FHA 203(k) PROCEDURES & ACKNOWLEDGMENT

Renovation and Home Loan All in One.

Overview of the FHA 203(k)

The FHA 203(k) is a loan available, for either a purchase or a refinance transaction, to owner-occupants of homes that are in need of repairs (to meet minimum property standards set forth by HUD), or homes that are to be updated by the new buyer/existing owner. One single loan is given to the buyer/existing owner, this loan will cover both the purchase price or existing lien and the proposed improvements. The maximum loan will be determined by the value after improvements. All the repairs are performed after the loan is closed, (this means on a purchase the real estate commissions are paid at loan closing.) On a purchase transaction, the seller is never responsible for the repairs; all homes sold under this program can be sold “As-Is.”

How are the funds disbursed at loan closing?

Standard FHA 203(k):

There is a single loan that consists of “two different buckets of money.” The first bucket of money is filled with the funds to payoff the purchase price or existing lien; the second bucket has all of the rehabilitation funds (these funds are held in escrow by the lender). The rehabilitation funds are released on an as-finished basis; meaning contractors are reimbursed after they complete their work. Funds are released in draws; there is a maximum of five draws per property.

Limited FHA 203(k):

There is still a single loan that consists of “two different buckets of money.” The first bucket of money is filled with the funds to payoff the purchase price or existing lien; the second bucket has all of the rehabilitation funds (these funds are held in escrow by the lender). However, on this loan the contractor does receive 50% of the rehabilitation contract upon the loan closing. Then, once the contractor has completed all repairs, a final inspection is ordered to verify all repairs have been done correctly.  Once it has been verified the balance repairs have been completed correctly, the contractor will be paid the balance of the rehabilitation contract.

How does the basic loan process flow?

Standard FHA 203(k):

Once a home is targeted by a buyer/homeowner, this person must perform a feasibility analysis. Three basic pieces of information must be gathered: the amount of the purchase price or existing lien, the amount of rehabilitation needed, and the anticipated after-improved value. Once these three items are provided, a HUD trained inspector (known as a consultant) walks through the property and determines the dollar amounts that will be allowed for material and labor (minimum of $5000). This report (known as a Work Write-up or Specification of Repairs) will be given to an appraiser. The appraiser will appraise the house assuming all repairs are complete and determine an estimated after-improved value for the home. The buyer/owner will be allowed to finance 110% of the estimated after-improved value. This amount cannot exceed the maximum loan amount set by HUD for the county that the property is located in. The remaining processing of the loan (verification of funds, credit and employment) follows normal FHA guidelines.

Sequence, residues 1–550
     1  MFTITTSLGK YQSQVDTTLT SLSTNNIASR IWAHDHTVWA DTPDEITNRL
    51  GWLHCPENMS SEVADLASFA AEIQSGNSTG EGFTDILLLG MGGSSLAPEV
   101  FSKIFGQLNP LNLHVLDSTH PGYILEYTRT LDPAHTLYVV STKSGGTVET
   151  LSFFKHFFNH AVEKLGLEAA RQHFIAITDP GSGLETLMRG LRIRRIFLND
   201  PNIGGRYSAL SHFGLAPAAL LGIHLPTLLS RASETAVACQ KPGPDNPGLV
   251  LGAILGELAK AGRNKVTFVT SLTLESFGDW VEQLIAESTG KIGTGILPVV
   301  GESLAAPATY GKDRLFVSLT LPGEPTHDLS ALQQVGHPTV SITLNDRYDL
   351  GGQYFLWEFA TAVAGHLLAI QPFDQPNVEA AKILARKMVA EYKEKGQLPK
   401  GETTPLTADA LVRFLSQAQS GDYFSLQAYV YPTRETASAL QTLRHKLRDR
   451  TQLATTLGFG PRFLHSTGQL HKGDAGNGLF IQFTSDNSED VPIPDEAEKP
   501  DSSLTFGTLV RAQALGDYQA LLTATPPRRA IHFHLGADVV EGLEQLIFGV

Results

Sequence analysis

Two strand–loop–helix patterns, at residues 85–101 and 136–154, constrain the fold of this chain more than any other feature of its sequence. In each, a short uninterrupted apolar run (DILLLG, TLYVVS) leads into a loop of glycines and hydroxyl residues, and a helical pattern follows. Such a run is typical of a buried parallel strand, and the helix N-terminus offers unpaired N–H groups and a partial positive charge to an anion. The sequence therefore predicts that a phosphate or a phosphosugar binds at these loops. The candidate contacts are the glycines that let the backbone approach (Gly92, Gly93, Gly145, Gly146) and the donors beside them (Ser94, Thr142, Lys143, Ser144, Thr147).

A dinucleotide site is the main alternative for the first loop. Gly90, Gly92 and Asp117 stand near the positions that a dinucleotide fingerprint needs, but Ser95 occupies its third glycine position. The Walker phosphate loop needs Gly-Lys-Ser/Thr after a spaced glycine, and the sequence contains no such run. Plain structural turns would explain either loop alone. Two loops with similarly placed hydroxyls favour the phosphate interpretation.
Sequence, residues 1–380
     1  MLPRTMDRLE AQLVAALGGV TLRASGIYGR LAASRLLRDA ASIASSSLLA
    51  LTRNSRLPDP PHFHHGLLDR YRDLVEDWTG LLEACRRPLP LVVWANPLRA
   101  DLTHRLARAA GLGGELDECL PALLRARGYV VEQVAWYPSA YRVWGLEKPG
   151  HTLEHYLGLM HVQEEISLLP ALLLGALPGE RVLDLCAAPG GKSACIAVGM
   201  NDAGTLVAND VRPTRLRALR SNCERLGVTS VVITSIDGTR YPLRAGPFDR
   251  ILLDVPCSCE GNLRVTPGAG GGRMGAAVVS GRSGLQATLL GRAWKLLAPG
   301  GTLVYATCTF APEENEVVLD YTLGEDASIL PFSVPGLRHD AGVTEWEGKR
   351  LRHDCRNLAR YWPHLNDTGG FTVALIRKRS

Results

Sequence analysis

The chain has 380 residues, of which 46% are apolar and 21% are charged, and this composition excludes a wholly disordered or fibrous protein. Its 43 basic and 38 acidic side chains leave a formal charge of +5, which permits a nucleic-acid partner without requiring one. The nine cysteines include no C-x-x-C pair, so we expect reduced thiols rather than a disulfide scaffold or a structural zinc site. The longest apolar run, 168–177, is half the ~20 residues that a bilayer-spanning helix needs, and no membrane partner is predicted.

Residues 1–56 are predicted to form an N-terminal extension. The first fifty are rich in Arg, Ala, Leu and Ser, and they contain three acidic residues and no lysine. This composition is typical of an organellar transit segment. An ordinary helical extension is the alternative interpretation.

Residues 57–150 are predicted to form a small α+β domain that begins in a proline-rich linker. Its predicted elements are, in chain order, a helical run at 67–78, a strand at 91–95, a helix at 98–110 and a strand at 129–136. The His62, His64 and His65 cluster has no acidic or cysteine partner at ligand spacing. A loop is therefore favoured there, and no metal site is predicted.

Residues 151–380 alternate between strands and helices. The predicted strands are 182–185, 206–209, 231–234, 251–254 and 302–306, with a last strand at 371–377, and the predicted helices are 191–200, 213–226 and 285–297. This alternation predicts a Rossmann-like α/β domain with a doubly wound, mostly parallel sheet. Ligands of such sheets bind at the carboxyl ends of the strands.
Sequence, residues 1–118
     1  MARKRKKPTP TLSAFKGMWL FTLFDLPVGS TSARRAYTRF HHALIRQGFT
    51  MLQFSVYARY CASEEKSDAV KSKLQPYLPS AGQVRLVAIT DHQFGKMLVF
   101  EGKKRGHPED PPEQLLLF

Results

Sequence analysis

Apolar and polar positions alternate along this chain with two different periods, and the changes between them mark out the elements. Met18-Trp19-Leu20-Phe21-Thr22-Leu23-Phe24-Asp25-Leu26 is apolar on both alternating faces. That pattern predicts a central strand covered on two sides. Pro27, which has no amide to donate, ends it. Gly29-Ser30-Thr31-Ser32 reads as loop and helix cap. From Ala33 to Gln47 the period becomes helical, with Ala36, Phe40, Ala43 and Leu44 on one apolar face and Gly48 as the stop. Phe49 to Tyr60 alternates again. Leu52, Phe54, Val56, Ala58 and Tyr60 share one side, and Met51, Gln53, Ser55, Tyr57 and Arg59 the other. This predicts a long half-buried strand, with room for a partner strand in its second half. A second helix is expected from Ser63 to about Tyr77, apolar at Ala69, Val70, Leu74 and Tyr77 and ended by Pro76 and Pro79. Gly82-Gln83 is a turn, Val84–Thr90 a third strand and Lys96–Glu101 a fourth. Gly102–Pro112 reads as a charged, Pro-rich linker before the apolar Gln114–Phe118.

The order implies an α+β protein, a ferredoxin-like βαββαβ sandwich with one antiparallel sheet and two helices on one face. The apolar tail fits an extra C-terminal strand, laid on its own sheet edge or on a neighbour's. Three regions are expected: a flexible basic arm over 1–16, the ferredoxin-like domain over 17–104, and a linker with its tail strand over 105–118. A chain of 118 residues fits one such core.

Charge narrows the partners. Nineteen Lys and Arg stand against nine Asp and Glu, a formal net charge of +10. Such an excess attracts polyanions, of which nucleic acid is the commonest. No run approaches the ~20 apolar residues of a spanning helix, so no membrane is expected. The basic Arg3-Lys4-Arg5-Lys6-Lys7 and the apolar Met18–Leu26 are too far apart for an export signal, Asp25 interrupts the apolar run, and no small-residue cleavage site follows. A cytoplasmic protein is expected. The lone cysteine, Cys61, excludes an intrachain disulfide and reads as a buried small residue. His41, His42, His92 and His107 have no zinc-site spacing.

Limited FHA 203(k):

A person still needs to verify the three basic pieces of information: the amount of the purchase price or existing lien, the amount of rehabilitation needed, and the anticipated after-improved value. On this loan, the contractor estimate for the repairs is given to the appraiser so the estimated after improved value can be determined.  The buyer/owner will be allowed to finance 110% of the estimated after-improved value. This amount cannot exceed the maximum loan amount set by HUD for the county that the property is located in. The remaining processing of the loan (verification of funds, credit and employment) follows normal FHA guidelines.

How is the down payment determined?

On a purchase down payment is determined based on the total of the purchase price, plus the total amount of rehabilitation. This is calculated the same way on both types of FHA 203(k) loans.

What properties are eligible?

Any property that will be a properly zoned 1-4 unit dwelling, in its after-improved state, is eligible for a 203(k). Another requirement is that the local government would have issued the “Certificate of Occupancy” on the property, you CANOT use either loan to complete new construction homes. With this program, six-unit homes have been split into two different three-unit mortgages.

Please call if you have any questions regarding eligible properties.

Highlights of the 203(k)

·        100% gifts allowed from approved Down Payment Assistance Programs and eligible family members (including down payments/closing costs).

·        Contingency funds in case of cost overruns.

·        Only need a foundation to qualify.

·        Place new house on an old foundation, provided the entire foundation is used.

·        Make homes handicap accessible if desired.

·        Move existing house to a new foundation.

·        Any property where the local building department has issued a “Certificate of Occupancy” is eligible.

·        Finance up to 6 months of mortgage payments, if the home will uninhabitable during this time.

·        New appliances can be included.